Gems Found « Arthur Morris/BIRDS AS ART

Gems Found

Laughing Gull with Black Skimmer background. This image was created at Fort DeSoto Park on April 26, 2008 with the Canon 500mm f/4 L IS lens and the EOS-1D Mark III (replaced by the Canon EOS-1D Mark IV). ISO 400. Evaluative metering +1 stop: 1/3200 sec. at 4.

As I had no recollection at all of this image I have no recollection as to whether I saw the skimmer enter the frame and then pushed the shutter button or if it were completely serendipitous…. Probably the latter.

For a greater appreciation of the image, click on the photo. Then click on the enlarged version to close it.

Gems Found

I am working on a folder with more than 13,000 optimized TIFFs on a 1tb external hard drive. After I get done deleting the doubles and the poor quality stuff and re-doing a few dozen images (mostly film scans) the HD will go to Peter Kes in Switzerland. He will be putting together a searchable stock site. Don’t hold your breath….

As I work my way through the images a few that I am not familiar with catch my eye. Some of them are so unfamiliar that my first reaction is often, “Did I make that image?” Today I will share with you a few of the gems that I have found. Do let us know which of the three images you like best and why.

This image was created at LaJolla, CA on January 23, 2008 with the Canon 500mm f/4 L IS lens and the EOS-1Ds Mark III. ISO 200. Evaluative metering +2/3 stop: 1/2500 sec. at 4.

For a greater appreciation of the image, click on the photo. Then click on the enlarged version to close it.

I will miss being in LaJolla this year but Antarctica and Japan call. 🙂

Northern Gannet with nesting material, Bonaventure Island, Quebec, Canada. This image was created with the 70-200mm f/2.8L IS lens (now replaced by the Canon 70-200mm f/2.8L IS II lens) and the 1.4X II TC (now replaced by the 1.4X III TC (handheld at 154mm) with the EOS-1D Mark III (replaced by the Canon EOS-1D Mark IV). ISO 400. Evaluative metering +1 2/3 stops: 1/1250 sec. at 6.3.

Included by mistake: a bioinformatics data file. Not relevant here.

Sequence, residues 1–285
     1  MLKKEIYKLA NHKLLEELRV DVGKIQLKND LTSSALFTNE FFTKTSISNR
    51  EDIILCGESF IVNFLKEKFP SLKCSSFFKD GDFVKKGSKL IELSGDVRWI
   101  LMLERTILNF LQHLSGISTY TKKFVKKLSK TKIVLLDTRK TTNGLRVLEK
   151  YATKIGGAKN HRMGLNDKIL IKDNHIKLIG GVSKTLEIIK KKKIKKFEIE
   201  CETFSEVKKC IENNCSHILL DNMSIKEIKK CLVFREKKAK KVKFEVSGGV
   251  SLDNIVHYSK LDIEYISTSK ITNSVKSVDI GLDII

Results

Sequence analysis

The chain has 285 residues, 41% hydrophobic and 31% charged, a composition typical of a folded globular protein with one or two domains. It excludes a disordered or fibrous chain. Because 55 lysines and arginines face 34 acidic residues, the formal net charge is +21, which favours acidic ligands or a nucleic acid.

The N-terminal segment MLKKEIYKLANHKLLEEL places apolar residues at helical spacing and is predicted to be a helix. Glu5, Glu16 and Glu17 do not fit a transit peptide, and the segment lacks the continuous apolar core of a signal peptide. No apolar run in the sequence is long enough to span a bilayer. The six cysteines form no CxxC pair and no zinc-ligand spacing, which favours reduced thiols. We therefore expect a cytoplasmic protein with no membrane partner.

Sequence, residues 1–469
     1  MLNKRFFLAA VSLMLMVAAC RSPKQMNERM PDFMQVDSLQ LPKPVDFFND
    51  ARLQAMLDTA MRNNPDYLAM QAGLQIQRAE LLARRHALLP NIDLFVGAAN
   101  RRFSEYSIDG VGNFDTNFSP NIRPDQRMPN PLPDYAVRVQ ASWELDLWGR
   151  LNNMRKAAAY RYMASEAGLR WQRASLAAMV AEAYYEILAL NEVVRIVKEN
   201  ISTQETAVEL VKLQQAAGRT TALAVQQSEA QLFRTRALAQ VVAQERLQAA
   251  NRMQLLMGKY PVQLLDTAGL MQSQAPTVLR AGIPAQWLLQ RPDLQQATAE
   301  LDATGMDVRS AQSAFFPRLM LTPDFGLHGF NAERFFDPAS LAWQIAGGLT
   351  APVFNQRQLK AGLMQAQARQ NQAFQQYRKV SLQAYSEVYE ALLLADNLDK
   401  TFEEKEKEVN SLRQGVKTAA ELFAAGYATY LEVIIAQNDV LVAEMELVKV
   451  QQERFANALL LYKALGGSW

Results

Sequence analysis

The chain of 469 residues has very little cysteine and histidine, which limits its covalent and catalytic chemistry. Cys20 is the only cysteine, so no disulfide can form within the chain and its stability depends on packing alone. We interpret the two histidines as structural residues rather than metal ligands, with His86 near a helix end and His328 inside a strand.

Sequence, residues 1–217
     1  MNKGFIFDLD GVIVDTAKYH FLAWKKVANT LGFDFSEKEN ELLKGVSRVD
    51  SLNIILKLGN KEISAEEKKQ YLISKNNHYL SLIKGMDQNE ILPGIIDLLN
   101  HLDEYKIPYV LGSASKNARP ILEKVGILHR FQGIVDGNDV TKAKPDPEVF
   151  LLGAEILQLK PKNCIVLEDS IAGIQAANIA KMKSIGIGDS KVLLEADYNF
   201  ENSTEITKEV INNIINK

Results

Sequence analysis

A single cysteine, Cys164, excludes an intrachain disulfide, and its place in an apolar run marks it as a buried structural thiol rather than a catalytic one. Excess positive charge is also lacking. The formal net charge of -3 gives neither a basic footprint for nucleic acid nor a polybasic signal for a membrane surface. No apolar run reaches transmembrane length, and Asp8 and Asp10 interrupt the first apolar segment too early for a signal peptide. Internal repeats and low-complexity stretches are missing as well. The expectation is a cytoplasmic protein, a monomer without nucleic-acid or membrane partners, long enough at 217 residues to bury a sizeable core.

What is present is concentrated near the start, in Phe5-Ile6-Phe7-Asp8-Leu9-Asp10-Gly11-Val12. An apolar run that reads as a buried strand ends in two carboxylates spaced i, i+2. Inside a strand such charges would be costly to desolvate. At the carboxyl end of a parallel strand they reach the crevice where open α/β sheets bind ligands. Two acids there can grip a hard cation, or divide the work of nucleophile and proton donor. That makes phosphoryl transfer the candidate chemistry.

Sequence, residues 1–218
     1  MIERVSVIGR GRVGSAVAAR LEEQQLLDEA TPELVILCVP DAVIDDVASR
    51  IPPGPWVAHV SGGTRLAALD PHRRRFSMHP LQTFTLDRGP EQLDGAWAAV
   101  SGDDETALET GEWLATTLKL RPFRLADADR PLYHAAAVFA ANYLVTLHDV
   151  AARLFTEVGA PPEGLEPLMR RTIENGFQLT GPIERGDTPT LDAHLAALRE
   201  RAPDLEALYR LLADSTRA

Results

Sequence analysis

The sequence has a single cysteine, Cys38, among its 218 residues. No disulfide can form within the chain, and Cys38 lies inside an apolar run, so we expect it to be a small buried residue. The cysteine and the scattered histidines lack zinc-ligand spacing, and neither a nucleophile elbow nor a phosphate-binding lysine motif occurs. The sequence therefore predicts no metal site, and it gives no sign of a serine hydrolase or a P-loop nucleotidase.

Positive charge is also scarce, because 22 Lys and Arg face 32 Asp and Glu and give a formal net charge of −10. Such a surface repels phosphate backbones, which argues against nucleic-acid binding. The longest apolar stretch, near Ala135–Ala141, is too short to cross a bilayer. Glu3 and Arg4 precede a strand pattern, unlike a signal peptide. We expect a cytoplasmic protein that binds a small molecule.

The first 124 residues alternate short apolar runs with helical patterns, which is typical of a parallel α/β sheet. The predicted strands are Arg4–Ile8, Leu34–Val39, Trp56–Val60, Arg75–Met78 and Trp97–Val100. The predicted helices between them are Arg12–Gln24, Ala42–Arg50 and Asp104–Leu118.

For a greater appreciation of the image, click on the photo. Then click on the enlarged version to close it.

Which Do You Like Best?

Please take a minute to leave a comment and let us know which of the three images you like best and why. If you need to make a correction in what you type, the only way to do so it to use the backspace key.

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Shopper’s Guide

Below is a list of the gear used to create the image in today’s blog post. Thanks a stack to all who have used the Shopper’s Guide links to purchase their gear as a thank you for all the free information that we bring you on the Blog and in the Bulletins. Before you purchase anything be sure to check out the advice in our Shopper’s Guide.

Canon 500mm f/4 L IS lens. Surely the world’s most popular super-telephoto lens. And for good reason. And the 500 f/4L IS II promises to be a lot better!